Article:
Published mid-year in 2004 by Gallaudet University Press, Gina Oliva, Ph.D., a professor of physical education and recreation at Gallaudet University, describes the pros and cons of mainstreamed education from the viewpoint of mainstreamed students years after they have graduated. Throughout the book, Oliva intertwines her personal stories of these good and bad experiences along with the scientific findings from the other mainstreamed students whom she examined.
What's In the Book?
Oliva lets the adults tell their stories at length so readers are able to get a more than just a taste of mainstreamed education from the perspective of affected students. Oliva in no way, shape, or form makes any comparisons between mainstreamed education and the residential schools for the deaf. Instead, she lets her research subjects tell their experiences and she dutifully records the patterns and trends she heard over and over from the subjects. She lets them talk about how their parents influenced the educational process. She lets the students talk about the social isolation.
The Price of Mainstreaming
Oliva examines an important question concerning education options and details consequences that are often missed in other educational studies. Most of the students in the Solitary Mainstreamed Project (a survey done of deaf and hard of hearing students who had attended public schools) admitted they had an excellent education and were thankful for it. Yet, many said the higher quality of education came at a cost -- lack of socialization. Oliva further explores the deprivation of socialization to get a clearer understanding of the costs involved.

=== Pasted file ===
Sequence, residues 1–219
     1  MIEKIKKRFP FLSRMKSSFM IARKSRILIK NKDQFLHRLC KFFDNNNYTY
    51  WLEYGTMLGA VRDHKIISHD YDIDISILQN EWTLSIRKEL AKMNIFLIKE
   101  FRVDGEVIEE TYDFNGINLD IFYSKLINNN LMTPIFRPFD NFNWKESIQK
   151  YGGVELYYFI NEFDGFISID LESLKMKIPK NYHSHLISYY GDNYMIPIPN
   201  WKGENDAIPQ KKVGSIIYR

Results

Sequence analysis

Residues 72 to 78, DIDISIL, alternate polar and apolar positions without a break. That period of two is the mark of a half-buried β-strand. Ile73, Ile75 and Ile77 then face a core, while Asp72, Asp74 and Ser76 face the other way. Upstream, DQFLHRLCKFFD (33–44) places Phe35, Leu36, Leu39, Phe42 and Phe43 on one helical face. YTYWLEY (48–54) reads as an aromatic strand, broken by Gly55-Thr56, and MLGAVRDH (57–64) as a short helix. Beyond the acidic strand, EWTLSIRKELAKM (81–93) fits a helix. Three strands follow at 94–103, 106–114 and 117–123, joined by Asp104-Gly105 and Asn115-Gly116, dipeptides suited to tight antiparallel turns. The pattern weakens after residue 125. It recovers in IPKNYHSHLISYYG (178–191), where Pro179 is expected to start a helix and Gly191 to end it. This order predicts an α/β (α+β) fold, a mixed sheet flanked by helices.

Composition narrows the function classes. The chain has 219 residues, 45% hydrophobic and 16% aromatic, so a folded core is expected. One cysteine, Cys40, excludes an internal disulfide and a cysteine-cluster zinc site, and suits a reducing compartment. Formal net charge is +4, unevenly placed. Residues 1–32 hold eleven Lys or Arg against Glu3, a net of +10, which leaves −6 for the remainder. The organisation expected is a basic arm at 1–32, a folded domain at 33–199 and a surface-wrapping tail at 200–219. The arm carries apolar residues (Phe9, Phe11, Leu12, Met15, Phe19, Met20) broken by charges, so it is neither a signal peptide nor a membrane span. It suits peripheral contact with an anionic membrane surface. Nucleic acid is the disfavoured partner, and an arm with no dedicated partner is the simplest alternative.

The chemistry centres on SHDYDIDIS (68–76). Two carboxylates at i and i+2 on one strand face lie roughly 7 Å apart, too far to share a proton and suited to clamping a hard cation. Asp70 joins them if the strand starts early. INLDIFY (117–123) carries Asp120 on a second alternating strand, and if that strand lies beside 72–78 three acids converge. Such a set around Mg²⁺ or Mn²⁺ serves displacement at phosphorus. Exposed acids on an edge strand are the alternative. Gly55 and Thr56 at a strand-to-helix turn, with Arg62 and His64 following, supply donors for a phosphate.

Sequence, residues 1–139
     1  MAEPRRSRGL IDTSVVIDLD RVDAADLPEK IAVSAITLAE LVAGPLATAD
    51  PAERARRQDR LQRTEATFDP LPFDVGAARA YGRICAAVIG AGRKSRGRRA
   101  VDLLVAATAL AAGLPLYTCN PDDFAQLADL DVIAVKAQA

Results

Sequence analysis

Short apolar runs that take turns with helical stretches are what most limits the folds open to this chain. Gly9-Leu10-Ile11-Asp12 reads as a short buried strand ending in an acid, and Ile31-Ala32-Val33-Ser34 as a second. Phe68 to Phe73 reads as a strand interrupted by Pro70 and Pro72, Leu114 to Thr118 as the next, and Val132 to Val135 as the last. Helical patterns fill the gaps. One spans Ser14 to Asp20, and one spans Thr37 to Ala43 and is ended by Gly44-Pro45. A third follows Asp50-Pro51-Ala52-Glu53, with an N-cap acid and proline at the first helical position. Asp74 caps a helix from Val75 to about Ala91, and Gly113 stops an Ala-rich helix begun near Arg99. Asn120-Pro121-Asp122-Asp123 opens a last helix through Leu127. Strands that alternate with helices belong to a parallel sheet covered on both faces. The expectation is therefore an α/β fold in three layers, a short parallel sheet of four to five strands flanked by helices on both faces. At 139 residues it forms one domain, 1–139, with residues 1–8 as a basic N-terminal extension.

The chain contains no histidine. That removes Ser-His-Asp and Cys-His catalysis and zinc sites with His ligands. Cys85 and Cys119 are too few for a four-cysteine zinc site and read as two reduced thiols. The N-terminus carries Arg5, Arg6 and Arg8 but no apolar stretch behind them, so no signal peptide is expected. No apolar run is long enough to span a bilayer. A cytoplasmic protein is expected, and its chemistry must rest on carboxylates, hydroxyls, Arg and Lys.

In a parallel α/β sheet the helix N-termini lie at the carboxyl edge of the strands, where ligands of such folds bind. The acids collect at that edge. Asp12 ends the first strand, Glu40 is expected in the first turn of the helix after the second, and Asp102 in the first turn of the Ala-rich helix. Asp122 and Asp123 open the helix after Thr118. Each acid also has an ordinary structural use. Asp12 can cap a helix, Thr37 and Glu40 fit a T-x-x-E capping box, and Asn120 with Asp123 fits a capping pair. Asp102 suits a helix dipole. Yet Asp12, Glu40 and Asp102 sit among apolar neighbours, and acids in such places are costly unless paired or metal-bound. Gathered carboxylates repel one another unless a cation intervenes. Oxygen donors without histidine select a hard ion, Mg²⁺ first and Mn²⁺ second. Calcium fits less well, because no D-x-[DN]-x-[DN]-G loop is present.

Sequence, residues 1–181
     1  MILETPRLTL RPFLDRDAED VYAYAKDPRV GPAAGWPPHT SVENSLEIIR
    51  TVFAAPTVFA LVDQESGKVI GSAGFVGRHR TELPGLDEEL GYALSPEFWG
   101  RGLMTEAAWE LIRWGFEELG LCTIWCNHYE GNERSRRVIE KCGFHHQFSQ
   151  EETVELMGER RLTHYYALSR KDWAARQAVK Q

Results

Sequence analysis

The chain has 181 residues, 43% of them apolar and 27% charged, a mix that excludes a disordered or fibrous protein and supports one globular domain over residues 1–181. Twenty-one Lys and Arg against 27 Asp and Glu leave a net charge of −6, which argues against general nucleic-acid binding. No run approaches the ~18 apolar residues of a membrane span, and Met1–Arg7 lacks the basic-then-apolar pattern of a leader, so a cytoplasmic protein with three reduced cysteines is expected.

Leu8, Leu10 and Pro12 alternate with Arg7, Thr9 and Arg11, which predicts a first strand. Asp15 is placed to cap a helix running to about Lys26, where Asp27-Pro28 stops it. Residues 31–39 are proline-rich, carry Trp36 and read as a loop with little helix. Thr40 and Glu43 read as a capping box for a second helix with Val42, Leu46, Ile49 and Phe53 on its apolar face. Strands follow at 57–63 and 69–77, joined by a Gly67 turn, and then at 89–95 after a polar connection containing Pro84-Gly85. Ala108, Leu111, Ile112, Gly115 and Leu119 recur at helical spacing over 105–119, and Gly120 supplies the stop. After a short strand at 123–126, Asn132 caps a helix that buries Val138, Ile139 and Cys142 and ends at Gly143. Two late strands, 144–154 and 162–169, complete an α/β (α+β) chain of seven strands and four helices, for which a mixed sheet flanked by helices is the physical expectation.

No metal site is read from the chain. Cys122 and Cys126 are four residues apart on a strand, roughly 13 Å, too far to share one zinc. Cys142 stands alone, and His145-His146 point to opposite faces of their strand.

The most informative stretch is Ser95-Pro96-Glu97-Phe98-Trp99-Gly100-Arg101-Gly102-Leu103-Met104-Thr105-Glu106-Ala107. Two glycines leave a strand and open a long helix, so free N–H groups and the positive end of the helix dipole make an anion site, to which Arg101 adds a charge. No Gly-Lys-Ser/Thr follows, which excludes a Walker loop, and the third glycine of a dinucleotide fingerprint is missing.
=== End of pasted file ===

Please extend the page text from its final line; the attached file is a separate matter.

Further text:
Mainstreamed programs around the country continue to flourish today. Teachers, audiologists, speech pathologists, and educators in the mainstreamed classrooms are making all kinds of measurable strides in speech and language development, reading comprehension scores, and keeping students on grade-level. Professionals working with mainstreamed programs would benefit by reading this book of collected memories to determine how to keep all the positive consequences of the mainstream experience intact while addressing the isolating experience that so many mainstreamed students speak of and experience.
Mainstreamed adults were usually "alone" in their school and did not have others who shared their stories. Describing educational experiences to family members, colleagues, or spouses either do not occur or perhaps, fall on ears that cannot fathom the experience of education in isolation. Oliva's research succinctly describes mainstream children's isolation from peers, support from their parents impacting education, and their self-awareness of who they are and what they are capable of today because of mainstreamed education.